Identify white space for innovation | Academics often point private sector managers toward innovation in areas lacking competition. Our colleague Mark Johnson codified this sort of thinking in his 2011 book Seizing the White Space.4 By delivering differentiated products and services in underdeveloped segments of the market, innovators can avoid profit-inhibiting competition. Though public sector innovation does not suffer the same competitive threat, the threats of special interests and existing regulation create equally compelling support for innovating in new ways. For instance, Web and mobile application development, bike sharing, and pop-up retail represent burgeoning areas of opportunity for municipal innovators. As each of these areas is relatively novel, little policy has been created that dictates how public leaders can leverage them to affect change. This white space empowers government innovators to test novel solutions to problems on top of existing structures, in some situations generating compelling evidence for how products or services can be further developed.

Minimize expenditure, embed in an existing budget | Watchful public interest groups are always on the lookout for new, unnecessary, or redundant programs that might be evidence of pork barrel spending or waste. Although transparency is generally a good thing, it can make it more difficult for government innovators to launch new programs, especially ones that might seem to replicate existing services (as the D.C. parking program did). One way to avoid such scrutiny is to stay lean, spending the least amount of money to learn the most in any experimental process. The Office of Science and Technology of the White House, for example, created a program called RFP-EZ to solicit solutions from non-traditional sources. Because RFP-EZ is restricted to projects costing below $125,000, a small amount for federal procurement, the executive branch has been able to minimize scrutiny and increase efficiency in the procurement process. Another way to protect programs is to embed them inside existing offices. Boston’s Office of New Urban Mechanics and New York City’s &lt;ahref=”http://wagner.nyu.edu/leadership/leadership_dev/bidf.php”&gt;Innovation Delivery Fellows have both positioned themselves inside mayoral offices in order to provide risk-tolerant spaces for innovators. By minimizing attention in these ways, innovators can ensure that they are not seen as harming so-called sacred cows before they have collected valuable data in support of their hypotheses.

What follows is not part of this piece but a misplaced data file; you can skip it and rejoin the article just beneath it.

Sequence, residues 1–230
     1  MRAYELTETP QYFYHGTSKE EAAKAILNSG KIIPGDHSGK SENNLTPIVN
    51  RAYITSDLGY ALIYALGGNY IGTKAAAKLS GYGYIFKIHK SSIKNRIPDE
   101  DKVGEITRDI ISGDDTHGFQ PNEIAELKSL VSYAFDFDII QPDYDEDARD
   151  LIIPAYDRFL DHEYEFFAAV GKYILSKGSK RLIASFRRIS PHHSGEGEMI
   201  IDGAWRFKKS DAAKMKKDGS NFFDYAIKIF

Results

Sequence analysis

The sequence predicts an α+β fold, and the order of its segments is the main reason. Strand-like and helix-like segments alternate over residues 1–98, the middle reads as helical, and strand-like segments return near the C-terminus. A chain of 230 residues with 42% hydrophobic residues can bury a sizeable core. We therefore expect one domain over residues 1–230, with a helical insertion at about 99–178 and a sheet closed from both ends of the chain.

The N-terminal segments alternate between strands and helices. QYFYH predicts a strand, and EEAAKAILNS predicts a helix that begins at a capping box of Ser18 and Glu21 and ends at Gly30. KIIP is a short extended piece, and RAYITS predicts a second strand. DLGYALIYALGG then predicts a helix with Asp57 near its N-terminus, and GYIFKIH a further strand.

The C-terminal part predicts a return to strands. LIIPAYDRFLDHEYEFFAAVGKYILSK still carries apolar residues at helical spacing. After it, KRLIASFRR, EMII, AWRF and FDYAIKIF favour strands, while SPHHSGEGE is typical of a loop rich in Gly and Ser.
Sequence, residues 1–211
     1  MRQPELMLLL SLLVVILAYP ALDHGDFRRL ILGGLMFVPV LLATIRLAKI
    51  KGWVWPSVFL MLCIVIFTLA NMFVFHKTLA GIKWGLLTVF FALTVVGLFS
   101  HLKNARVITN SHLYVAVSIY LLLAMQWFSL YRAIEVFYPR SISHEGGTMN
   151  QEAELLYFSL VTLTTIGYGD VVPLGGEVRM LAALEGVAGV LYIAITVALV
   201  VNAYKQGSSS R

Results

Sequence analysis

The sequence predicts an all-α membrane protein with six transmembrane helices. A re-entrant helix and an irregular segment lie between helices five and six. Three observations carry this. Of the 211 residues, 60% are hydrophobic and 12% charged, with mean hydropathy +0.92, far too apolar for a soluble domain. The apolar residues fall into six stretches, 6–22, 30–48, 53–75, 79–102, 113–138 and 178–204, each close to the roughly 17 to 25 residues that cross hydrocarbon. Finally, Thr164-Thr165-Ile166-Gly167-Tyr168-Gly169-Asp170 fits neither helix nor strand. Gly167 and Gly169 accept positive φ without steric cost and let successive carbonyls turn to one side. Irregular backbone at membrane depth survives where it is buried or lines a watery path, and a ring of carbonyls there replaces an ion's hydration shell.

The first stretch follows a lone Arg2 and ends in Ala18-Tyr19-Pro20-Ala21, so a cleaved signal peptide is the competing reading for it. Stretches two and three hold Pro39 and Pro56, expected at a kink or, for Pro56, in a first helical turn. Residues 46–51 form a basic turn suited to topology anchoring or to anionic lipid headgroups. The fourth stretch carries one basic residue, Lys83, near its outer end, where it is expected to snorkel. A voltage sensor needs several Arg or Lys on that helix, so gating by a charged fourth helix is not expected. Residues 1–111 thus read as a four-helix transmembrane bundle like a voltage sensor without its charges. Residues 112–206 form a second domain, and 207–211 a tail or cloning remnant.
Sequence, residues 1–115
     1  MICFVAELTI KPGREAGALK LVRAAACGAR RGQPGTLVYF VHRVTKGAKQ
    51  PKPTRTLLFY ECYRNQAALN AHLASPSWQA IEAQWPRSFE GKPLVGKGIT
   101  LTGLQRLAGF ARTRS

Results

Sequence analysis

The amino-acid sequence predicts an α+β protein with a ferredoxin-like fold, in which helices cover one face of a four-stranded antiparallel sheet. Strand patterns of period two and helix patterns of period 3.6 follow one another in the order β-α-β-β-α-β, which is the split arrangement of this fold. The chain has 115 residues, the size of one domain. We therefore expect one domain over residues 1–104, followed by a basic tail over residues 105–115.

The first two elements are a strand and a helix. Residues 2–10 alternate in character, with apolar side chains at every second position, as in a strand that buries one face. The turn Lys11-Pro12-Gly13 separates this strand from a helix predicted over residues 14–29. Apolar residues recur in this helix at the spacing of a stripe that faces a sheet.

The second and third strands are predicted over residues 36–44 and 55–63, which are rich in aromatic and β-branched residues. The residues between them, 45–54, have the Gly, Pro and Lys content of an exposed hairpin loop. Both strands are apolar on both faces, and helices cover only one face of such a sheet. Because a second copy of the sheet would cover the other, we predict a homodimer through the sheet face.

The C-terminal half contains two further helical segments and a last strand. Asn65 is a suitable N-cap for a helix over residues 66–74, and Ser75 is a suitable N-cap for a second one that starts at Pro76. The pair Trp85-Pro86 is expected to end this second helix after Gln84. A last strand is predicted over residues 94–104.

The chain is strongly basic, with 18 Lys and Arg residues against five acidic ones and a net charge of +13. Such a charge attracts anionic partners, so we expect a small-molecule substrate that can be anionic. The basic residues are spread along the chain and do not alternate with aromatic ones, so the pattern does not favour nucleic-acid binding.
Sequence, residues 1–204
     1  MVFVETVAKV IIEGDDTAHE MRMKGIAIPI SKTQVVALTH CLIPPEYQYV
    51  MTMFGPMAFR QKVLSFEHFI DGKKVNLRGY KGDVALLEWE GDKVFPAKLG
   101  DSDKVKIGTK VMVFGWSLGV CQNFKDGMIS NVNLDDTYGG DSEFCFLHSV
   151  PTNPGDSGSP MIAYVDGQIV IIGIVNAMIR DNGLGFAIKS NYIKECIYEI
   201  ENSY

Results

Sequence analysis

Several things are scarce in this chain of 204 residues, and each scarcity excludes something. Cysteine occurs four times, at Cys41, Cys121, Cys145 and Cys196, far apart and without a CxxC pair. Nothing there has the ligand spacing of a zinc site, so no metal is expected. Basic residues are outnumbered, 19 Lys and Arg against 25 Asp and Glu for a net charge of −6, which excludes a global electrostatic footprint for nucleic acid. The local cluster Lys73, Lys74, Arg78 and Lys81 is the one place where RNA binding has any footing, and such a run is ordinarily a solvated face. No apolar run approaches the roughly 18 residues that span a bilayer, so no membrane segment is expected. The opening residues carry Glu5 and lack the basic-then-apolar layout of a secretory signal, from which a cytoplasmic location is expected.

Invest in constituent alignment | Nothing breaks down barriers better than making sure that the people affected by an innovation are aware of and in agreement with the change. Many of the programs and services that we have identified as shining examples of public sector innovation were led by managers who were very conscious of bringing along their various constituencies. In Philadelphia, for example, when a new trash collection system was implemented, municipal employees could have resisted efficiency improvements in fear for their jobs. The mayor’s office, however, made it clear that reductions in workforce would be achieved through natural attrition (retirement), not through layoffs. Employees no longer required by the new system would not be fired, but instead would be redirected toward services that needed additional support. By taking into account employee interests, Philadelphia could roll out its program without resistance.

Validate with data | The best case against the status quo is one grounded in scientific research. When the benefits of new services are speculative—even if supported by pundits and academics—it is easy for stakeholders to resist change. Innovators should know what they are testing for and experiment in such a way that makes their achievement irrefutable. Boston’s Office of New Urban Mechanics, for example, has done so with the Citizens Connect mobile application—what some might consider a quantum leap in 3-1-1 services. By demonstrating quantitatively how much additional geographic coverage is achieved, the group has made it difficult for stakeholders in the legacy call center to resist the city’s investment in the program.